Monday saw yet another targeted strike in Syria. Not against ISIS, not against anything or anyone threatening. No, the latest attack I'm talking about is a deplorable airstrike on yet another Medecins Sans Frontieres hospital which was providing vital medical care to the region surrounding Maarat al-Numan. According to a monitoring group in the area, this attack, which resulted in more than 9 people's death - including one child's - and 8 missing staff, was carried out by Russian forces who two days prior had agreed with other world powers to limit hostilities in Syria.
This was no accident. With 4 rockets hitting the hospital, it was a targeted attack. And a cold-blooded one too because between each rocket the forces waited 15 minutes. This 'double-tap' tactic, also employed by US drone strikes in the conflict, allows locals to gather at the targeted site and help the casualties, only to find themselves in the line of fire of the next bomb.
Apart from the 9 dead, 8 missing and dozens injured, this strike, like several others, has left the local population without access to vital medical services. According to MSF, the local population of 40,000 people can now be added to the long list of civilians "without access to medical services in [the] active zone of conflict" that is Syria.
This isn't the first time such an attack has been carried out. 14 medical facilities in Syria, providing vital care for civilian affected by this rural civil war, have been hit and turned to dust since the clocks struck twelve and 2015 became 2016. MSF has even gone so far as to say that hospitals are no longer places where civilians can recover safely. That's how bad it's gotten. Innocent people are no longer able to safely recover from being caught in the crossfire of a civil war because foreign forces are insistent on bombing hospitals not once accidentally, but with time intervals that allow more civilians to gather on the bullseye.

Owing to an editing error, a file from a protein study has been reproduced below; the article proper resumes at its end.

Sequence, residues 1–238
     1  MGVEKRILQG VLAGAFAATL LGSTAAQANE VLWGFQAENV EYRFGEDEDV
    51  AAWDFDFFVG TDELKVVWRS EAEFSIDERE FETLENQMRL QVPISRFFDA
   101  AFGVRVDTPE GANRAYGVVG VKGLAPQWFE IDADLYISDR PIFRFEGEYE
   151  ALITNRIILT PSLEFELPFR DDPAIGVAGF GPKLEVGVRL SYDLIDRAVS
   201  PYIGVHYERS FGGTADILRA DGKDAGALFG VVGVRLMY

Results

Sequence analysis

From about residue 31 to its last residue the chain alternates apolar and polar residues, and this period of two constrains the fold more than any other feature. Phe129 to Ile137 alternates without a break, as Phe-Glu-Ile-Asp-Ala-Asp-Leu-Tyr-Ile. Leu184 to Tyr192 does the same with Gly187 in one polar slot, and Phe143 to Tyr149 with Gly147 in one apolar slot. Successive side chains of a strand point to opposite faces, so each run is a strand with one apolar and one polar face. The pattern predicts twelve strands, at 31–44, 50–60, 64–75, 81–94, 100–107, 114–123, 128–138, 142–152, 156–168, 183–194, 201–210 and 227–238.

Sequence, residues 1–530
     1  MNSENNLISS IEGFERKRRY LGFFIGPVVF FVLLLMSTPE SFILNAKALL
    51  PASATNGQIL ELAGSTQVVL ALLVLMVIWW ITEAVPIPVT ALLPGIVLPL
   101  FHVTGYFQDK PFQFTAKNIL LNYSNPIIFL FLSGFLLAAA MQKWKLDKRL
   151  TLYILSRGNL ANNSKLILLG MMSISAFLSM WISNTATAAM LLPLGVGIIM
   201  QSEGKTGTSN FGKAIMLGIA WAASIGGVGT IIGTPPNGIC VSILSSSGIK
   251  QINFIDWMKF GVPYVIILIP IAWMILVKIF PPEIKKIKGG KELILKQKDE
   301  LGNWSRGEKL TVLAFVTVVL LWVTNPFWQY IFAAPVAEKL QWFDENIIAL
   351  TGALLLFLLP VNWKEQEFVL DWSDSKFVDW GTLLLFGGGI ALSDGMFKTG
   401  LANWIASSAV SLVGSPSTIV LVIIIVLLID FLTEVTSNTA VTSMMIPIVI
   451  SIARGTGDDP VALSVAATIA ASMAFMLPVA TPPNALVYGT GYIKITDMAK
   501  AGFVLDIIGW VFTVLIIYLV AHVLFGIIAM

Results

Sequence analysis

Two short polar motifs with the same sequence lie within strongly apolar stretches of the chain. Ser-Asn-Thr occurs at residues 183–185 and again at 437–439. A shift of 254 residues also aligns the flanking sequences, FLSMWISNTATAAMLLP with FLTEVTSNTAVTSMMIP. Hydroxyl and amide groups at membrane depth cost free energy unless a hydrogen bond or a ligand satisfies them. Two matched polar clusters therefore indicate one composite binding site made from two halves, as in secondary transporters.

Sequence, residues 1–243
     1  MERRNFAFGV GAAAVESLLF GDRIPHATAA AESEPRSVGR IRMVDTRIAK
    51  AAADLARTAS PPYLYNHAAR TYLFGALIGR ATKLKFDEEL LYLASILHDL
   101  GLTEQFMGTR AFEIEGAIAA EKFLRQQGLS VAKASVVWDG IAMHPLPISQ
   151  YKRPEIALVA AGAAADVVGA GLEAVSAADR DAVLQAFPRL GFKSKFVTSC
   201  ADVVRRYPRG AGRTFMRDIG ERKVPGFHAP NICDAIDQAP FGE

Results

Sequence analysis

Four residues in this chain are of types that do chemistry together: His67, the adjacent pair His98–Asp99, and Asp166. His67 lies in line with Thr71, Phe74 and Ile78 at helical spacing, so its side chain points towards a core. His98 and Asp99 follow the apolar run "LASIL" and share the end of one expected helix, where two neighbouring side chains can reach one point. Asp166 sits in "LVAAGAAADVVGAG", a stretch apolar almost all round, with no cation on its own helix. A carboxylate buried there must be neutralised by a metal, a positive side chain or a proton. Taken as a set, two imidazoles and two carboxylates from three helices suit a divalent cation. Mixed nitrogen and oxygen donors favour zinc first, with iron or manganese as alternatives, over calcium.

2015 has been the worst year on record for healthcare workers in Syria, with over 640 killed since the crisis started. Foreign forces need to take responsibility for these blatant attacks on medical facilities. Not only because brave doctors are choosing to go into conflict zones and getting killed for their heroism, but because it impacts civilians all over the country. 40% of civilians in Syria no longer have access to basic healthcare and these raids send the message to Syrians that the foreign forces don't give a damn about their already strained healthcare, and that they don't give a damn that it leads to an increased number of preventable deaths.
If the UK government wants to be as tough on immigration and turn back as many refugees as it says it wants to, it needs to start doing more than just denouncing such attacks. These people, who as MSF said, are not able to recover safely in hospitals, will look to countries with safe hospitals and understandably seek to go there. The UK government cannot, as part of a coalition of foreign forces in Syria, stand by and let other nations bomb crucial hospitals and civilians yet also take an aggressive stance against those who flee these bombs.
Personally I think the government could be doing more to help refugees, but if it insists on barring them from entering the country, the least it could do is prevent civilians from becoming refugees in the first place by working with Russian forces and demanding and ensuring that hospitals, like the ones already flattened, do not get targeted. This would mean there is less strain on the medical system in Syria, so perhaps more civilians are and feel safer.
We are all part of this conflict. Just because it happened to be Russian planes, this time, doesn't mean that France, the US and the UK can just let it happen. Bomb ISIS targets, yes, but don't touch civilians. It's not collateral damage when (according to the Syrian Observatory for Human Rights) 1000 civilians, including 200 children, have already been killed since September 2015 by Russian planes.
All forces, whether in the US-led coalition or Russian, need to come to their senses that the targeting of civilians, especially helpless ones in hospitals, is deeply wrong and saddening, especially when the number of courageous medical volunteers being killed by the same bombs is fast approaching 1000. This violation of international laws cannot become the new norm of a conflict.